The old adage, “It’s now what you know, but who you know.” doesn’t quite hold the weight it once used to. What you know is quickly becoming the way you meet the who.
Our networks used to live in our Rolodex’s. You could then find them in our DayPlanners, after that they moved to our PalmPilots and today they live in our phones. Our “networks” are the lifeblood sales and as sales people, that is good sales people, we have meticulously built them overtime. Our networks consist of past co-workers, friends, friends of friends, customers, former customers, past bosses, the guys we played softball with, the women in our book club, the parents of our kids friends and more.
We built these networks over-time based on physical connections and relationship oriented ties. We met people at one time or another and enough of a connection was created that we were able to leverage these connections for future use.
Networks are the cornerstone of all successful sales people. Successful sales people know how to use them to get meetings with prospective clients or how to help close a deal. Networks are a key tool in the tool belt of sales people but . . . things are changing.
The physical connections and relationship once critical to selling are no longer enough to compete. You can’t win if you are relying on networks built on offline, loose connections. It’s not enough anymore.
A new type of network as arrived on the scene and it’s quickly becoming a requirement to compete. This new network isn’t based on who you know, but rather WHAT you know and this network is far more powerful than our physical or old school network connections. I call this new network the knowledge network.
The knowledge network is built on your knowledge, on what you know. It’s the people we are connected to because of what we know and what we’ve taught them. Knowledge network connections are established through knowledge, learning and teaching.
Connections in a knowledge network require a lot more than loose ties, camaraderie, and being a “nice guy.” They are created when you provide valuable insight. It’s when you teach a client, prospect, reader, etc something they didn’t already know. It’s when people around you learn something from, your blog, a question you answered on LinkedIn or Quora or a link you put on Twitter. Knowledge networks are created through the relevant information and expertise you provide.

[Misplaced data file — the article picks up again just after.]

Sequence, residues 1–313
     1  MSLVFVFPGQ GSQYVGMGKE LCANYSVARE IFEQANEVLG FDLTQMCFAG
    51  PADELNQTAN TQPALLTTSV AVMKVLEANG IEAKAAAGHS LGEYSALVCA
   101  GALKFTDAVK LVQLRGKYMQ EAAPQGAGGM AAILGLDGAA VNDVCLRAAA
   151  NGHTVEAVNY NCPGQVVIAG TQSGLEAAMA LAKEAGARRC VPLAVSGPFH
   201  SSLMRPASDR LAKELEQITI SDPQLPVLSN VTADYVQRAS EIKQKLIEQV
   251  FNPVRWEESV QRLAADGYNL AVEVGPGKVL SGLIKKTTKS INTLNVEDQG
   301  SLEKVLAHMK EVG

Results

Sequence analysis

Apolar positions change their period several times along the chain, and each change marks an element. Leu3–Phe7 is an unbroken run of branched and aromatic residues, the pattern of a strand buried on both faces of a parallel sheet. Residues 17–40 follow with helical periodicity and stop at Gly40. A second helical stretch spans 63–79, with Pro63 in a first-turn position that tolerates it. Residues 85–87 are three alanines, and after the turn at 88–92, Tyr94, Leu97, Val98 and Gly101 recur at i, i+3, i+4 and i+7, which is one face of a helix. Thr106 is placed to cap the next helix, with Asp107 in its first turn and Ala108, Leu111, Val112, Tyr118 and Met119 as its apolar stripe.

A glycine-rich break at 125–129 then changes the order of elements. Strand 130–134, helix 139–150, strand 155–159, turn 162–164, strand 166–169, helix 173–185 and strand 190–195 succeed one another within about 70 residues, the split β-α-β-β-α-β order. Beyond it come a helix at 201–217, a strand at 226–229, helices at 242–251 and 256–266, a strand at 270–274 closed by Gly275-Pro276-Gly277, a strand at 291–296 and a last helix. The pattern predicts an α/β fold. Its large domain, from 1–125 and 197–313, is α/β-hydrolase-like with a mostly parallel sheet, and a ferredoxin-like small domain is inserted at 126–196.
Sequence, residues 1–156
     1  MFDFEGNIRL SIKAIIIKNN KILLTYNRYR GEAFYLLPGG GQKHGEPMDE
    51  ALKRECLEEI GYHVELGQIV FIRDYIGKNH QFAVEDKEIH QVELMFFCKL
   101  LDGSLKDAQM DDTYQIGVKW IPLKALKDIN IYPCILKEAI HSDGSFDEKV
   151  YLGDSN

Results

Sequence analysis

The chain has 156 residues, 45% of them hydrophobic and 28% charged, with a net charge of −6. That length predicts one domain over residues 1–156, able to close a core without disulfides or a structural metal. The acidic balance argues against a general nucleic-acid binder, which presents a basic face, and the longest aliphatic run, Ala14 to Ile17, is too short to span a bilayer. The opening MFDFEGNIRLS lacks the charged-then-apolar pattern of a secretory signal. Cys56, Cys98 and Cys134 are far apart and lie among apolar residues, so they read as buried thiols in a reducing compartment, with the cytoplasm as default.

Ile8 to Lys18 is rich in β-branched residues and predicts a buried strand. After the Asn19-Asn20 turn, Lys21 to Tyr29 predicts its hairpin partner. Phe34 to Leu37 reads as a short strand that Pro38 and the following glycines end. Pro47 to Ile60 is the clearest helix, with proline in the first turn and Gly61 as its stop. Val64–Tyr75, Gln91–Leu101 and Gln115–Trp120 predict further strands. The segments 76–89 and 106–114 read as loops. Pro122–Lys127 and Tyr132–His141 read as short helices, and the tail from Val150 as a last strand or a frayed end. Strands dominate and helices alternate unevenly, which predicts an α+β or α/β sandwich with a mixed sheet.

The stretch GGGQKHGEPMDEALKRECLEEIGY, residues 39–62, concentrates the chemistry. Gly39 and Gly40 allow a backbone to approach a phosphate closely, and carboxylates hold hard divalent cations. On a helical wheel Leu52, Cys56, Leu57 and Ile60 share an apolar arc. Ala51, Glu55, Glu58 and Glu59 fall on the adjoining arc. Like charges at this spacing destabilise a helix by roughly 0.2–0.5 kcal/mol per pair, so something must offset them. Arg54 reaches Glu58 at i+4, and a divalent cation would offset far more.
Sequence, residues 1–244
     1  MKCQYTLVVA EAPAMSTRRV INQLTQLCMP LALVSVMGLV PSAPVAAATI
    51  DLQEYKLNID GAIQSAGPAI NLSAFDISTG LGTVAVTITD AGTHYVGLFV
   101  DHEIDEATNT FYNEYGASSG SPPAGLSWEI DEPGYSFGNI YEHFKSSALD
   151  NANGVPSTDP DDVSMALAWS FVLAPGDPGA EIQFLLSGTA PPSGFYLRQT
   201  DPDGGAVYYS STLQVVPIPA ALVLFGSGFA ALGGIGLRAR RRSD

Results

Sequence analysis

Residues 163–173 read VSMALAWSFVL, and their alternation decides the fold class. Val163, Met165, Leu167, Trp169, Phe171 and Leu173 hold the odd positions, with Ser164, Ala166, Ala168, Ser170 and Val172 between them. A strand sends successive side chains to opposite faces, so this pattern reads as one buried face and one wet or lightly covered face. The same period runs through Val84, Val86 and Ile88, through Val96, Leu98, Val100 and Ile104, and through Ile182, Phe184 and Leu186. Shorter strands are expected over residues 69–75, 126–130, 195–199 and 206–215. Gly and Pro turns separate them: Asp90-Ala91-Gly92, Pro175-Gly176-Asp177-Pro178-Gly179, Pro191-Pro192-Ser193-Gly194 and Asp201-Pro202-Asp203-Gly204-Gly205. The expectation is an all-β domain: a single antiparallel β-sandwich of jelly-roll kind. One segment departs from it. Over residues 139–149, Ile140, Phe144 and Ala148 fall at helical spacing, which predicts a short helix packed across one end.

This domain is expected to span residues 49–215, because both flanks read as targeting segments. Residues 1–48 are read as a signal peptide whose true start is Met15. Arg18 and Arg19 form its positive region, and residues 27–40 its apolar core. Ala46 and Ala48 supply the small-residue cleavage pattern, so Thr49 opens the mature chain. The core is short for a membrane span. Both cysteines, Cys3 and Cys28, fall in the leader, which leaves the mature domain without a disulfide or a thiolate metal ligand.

Just as in the old days, networks are critical to sales. Whats different is the type of network that matters. To compete in sales today, it’s becoming increasing critical to be a unique, robust, source of insight, information, and thought leadership.
Building your knowledge network starts with gaining knowledge. To gain the knowledge required to develop a strong and broad knowledge network, you need to start with deliberate learning. Deliberately commit to learning as much as you can about a specific area in your space, it can be industry trends, it can be product use cases, it can be business problems or challenges, etc. Start by being deliberate in your learning. Know as much as you can about the space you operate in.
Once you’ve attained the knowledge, you need to spread it and the best place to do this is the web. Yes, I mean social media. Join Twitter, LinkedIn groups, Quora, start a blog and more. Build as many places where you can share and engage on the topics in which you are most knowledgeable. Look for ways to dole out what you know. The goal in sharing is to help people. Create blog posts that tackle industry known challenges with unique perspectives and insight. Share targeted industry links that shed new insights and information with your followers on Twitter. Look for questions on LinkedIn and Quora where you can answer and provide a different perspective and add additional value. Engage the users asking the questions and provide information they can use. Remember, they asked the question for a reason, if you can help them, you are beginning to build your knowledge network.
Who we know isn’t going away. But, what we know is becoming more and more important. The web and social media are making it increasingly easier for potential customers, prospects, and hiring managers to build relationships on more than just loose ties. They now have powerful networks based on expertise and knowledge and these networks are providing tremendous value in helping them get their job done. The key is to be a part of these networks.
How big is your knowledge network?
What is bigger, your who you know network or your what you know network?
What are you doing to build your knowledge network today?
How much knowledge value do you bring to your constituencies?